I stumbled upon this entertaining Chris Matthews "interview" at Amanda's site. It illustrated something that I was already thinking a lot about in the last few days (especially after venturing in to watch some pundits and "talk shows" on the Democratic primary), namely, that the point of shows like Hardball or roundtable discussions on the Sunday News Programs is to provide a mouthpiece for committed, unwavering, ideologues to get their message out in the airwaves. When Chris Matthews invites both Kevin James (a typical wingnut shock jock) and Mark Green (a "liberal" talk radio person from Air America) to discuss or debate whether Bush's comments to the Knesset were a diss of Obama, he is not really creating the conditions for a give and take, civilized debate where the discussants may come to some agreement. No. Matthews and his ilk (even the Lehrer News Hour is guilty of this) are just giving equal time to opposing ideologues who want to talk louder or more offensively than the other guest in order to get their message heard. Sure. I am not saying anything really new here.
But, I was really thinking through this as I listened to a Tom Ashbrook show wherein he was discussing a book about internet security issues and brought on a policy dude from some think tank. I gave the policy dude the benefit of the doubt at first--thinking that he would offer some nice counterarguments or provide better context for the position. Essentially, what I expected from the policy dude was an analysis that I am used to hearing in Academia--wherein there is greater thoughtfulness about the issue (i.e. the history of the problem, why a single view of the issue misrepresents the phenomenon, what the effects of a policy are, what are the unintended consequences, what are alternative views, or how might we make friendly amendments to X view). This is the world I inhabit and I am grateful. I want to believe that the policy folks at most think tanks operate in the same paradigm as academics do. Some do.
But, by large, with the proliferation of right-of-center think tanks to counteract "academia," the news programs that should be a mode for helping the average informed citizen think better about a particular policy are really just winner-take-all-shout-down-the-opposition forums for commited ideologues. I know I keep using the word ideologue in this post, but that is really what is paraded in front of us these days on the boob tube. Hell, even in blogoland. Just once I would like to see a policy dude deviate from his or her talking points and actually dialogue.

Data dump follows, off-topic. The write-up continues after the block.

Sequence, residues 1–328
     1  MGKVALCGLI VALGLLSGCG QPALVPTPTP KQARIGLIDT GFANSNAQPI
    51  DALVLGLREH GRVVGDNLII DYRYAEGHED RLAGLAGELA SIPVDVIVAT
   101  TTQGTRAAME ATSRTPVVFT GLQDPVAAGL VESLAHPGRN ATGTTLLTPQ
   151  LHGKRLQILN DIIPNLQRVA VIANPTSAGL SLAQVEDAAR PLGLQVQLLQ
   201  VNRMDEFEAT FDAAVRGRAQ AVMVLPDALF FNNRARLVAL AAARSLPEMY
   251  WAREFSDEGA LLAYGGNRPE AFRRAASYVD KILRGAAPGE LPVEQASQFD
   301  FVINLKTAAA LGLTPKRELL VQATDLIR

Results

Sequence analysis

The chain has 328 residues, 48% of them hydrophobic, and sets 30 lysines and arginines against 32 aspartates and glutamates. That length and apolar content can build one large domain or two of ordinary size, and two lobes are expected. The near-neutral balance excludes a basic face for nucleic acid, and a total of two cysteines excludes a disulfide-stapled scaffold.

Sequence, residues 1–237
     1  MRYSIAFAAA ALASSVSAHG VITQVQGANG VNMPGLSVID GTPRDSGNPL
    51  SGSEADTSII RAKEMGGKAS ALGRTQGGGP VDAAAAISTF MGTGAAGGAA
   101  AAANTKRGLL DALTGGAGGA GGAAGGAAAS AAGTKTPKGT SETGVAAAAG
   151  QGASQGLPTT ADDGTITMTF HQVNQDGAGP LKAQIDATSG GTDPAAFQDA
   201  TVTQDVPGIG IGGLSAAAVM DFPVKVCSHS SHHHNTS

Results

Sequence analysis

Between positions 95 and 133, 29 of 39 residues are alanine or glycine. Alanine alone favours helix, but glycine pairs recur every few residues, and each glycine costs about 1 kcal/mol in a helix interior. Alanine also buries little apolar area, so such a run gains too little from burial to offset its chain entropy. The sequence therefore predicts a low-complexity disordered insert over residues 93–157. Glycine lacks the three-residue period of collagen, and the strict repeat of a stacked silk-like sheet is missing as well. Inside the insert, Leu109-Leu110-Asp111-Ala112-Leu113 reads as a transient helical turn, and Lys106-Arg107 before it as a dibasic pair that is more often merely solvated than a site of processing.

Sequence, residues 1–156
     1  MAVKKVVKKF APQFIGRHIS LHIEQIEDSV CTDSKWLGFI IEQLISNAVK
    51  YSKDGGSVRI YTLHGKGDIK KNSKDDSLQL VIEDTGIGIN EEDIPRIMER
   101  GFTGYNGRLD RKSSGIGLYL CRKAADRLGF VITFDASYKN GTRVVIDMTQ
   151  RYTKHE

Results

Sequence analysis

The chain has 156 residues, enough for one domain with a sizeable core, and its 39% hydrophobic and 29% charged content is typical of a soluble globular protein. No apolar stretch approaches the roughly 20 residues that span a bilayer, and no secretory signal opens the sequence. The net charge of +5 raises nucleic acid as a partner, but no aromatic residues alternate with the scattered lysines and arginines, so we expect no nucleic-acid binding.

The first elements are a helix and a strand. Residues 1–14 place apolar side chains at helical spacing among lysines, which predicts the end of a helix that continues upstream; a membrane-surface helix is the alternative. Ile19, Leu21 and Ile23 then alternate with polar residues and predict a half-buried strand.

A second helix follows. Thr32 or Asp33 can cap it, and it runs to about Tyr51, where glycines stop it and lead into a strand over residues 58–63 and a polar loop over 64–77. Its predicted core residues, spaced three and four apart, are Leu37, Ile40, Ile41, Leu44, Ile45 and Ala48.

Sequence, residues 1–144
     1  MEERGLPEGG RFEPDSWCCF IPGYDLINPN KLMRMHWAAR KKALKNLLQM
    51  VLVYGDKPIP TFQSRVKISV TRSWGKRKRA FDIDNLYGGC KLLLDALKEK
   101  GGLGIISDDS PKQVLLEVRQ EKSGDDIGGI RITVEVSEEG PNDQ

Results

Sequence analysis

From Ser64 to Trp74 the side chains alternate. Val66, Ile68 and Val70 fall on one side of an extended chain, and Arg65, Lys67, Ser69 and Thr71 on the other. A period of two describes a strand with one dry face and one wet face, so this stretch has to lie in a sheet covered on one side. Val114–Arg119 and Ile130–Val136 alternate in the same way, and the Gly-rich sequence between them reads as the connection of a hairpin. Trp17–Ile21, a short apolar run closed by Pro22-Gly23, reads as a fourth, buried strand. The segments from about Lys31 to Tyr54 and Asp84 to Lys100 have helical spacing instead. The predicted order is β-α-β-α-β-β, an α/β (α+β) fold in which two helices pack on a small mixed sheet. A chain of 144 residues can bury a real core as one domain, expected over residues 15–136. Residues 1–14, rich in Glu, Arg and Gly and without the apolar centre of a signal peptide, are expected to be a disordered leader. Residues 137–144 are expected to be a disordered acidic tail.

Kevin James represents the worst of the ideologues out there: stupid and loud. But, there are far more nuanced and wonkier analysts at places like the Cato Institute or AEI. They sound utterly reasonable, subtle, intellectually honest--but if you listen to them long enough and watch how they function in debates, they never deviate from the core, founding principles of their Think Tank. Their only job is to get their particular ideological message out.
I watched this happen numerous times when I made the bad bad choice to date an analyst from the Cato Institute. Well, maybe it wasn't that bad since I learned a great deal about how this all works. But, what really freaked me out was that my policy dude boyfriend never turned off. Even in private conversations he would refuse to entertain a view that might threaten the core message of Cato: less government, free markets, maximal individualism. I spent months offering up counter arguments to his positions--some quite powerful--and never once did he say "you have a point there." Some of my positions he just dismissed outright. Others he would be a bit threatened by and then go to his boss who would find him some obscure article that would restore his worldview to him. My experience of arguing with policy dude was akin to arguing with the disciple maker dude on our campus turning our lost, smart, socially awkward undergraduates into mouthpieces for Intelligent Design: there is no counterargument that will lead him or his followers to revise their view. Rather, they marshal a bunch of arguments to either muddy the debate or obfuscate the counterargument.
I guess I don't see the point of this kind of public debate or discussion. I think it teaches really bad and uncivilized habits to our children: never consider revising your position when you encounter a powerful counterargument, never consider the possibility that your view or hypothesis is flawed, and, finally, never admit to what you don't know.
Audrey Yap at the Daily Ant
1 week ago